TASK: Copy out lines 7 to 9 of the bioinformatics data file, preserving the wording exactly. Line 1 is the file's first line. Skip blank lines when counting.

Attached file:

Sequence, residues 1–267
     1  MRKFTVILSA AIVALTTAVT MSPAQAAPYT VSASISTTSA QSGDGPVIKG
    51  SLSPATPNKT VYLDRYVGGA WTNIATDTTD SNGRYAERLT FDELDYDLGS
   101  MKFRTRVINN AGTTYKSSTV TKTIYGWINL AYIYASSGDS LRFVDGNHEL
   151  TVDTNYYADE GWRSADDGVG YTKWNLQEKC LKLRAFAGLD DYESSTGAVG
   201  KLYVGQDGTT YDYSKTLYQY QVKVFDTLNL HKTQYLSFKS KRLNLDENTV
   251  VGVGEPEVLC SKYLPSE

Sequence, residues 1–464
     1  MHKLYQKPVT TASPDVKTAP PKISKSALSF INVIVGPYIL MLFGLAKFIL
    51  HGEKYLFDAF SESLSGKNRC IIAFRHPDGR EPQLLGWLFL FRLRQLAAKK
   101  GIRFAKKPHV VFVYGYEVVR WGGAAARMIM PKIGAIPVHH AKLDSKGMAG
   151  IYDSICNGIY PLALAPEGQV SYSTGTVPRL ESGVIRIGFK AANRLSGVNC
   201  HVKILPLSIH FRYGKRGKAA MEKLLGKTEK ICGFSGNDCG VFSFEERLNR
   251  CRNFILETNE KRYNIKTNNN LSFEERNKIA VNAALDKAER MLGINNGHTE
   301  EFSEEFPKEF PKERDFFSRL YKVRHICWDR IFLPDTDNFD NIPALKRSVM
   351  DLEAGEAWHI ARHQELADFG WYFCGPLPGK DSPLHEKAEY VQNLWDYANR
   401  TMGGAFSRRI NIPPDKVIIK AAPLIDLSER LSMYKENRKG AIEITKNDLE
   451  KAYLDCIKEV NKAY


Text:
   251  VGVGEPEVLC SKYLPSE

Sequence, residues 1–464
     1  MHKLYQKPVT TASPDVKTAP PKISKSALSF INVIVGPYIL MLFGLAKFIL